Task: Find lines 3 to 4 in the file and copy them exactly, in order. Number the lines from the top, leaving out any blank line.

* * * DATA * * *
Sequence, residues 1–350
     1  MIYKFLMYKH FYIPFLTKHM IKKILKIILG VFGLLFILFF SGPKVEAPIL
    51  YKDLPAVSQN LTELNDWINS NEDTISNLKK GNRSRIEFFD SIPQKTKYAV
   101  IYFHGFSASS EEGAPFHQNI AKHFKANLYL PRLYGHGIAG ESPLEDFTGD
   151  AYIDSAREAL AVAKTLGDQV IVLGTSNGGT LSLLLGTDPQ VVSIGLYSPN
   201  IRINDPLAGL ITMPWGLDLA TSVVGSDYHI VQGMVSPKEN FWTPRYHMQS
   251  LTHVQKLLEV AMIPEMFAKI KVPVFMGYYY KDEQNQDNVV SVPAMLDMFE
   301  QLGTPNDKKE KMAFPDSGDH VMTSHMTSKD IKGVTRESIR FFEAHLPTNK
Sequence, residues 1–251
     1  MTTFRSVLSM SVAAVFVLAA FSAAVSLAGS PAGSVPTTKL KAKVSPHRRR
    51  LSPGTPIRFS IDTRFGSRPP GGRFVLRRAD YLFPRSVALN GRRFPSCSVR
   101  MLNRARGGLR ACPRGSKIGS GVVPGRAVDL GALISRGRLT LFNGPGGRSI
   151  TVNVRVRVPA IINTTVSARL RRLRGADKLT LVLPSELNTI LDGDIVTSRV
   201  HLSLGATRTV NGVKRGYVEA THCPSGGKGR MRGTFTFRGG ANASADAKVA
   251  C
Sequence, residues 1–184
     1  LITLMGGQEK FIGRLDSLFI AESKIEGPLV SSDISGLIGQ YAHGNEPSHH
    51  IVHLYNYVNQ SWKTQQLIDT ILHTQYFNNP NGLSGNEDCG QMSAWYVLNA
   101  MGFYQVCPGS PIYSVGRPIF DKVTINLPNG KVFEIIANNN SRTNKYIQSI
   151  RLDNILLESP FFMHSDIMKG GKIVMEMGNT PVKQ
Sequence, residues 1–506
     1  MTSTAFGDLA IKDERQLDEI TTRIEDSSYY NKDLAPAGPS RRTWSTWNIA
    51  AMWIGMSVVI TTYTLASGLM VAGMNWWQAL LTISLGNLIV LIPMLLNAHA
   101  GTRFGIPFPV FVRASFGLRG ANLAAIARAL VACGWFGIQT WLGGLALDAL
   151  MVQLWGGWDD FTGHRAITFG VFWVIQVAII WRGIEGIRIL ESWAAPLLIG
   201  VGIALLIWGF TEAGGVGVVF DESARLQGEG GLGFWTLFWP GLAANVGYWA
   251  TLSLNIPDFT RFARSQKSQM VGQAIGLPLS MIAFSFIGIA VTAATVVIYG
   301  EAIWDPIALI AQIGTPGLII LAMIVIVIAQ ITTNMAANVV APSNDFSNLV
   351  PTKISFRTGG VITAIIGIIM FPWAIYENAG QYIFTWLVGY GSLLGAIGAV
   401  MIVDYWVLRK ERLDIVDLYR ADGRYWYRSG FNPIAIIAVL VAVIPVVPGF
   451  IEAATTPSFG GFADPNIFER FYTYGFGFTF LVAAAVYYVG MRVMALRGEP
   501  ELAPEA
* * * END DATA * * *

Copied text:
    51  YKDLPAVSQN LTELNDWINS NEDTISNLKK GNRSRIEFFD SIPQKTKYAV
   101  IYFHGFSASS EEGAPFHQNI AKHFKANLYL PRLYGHGIAG ESPLEDFTGD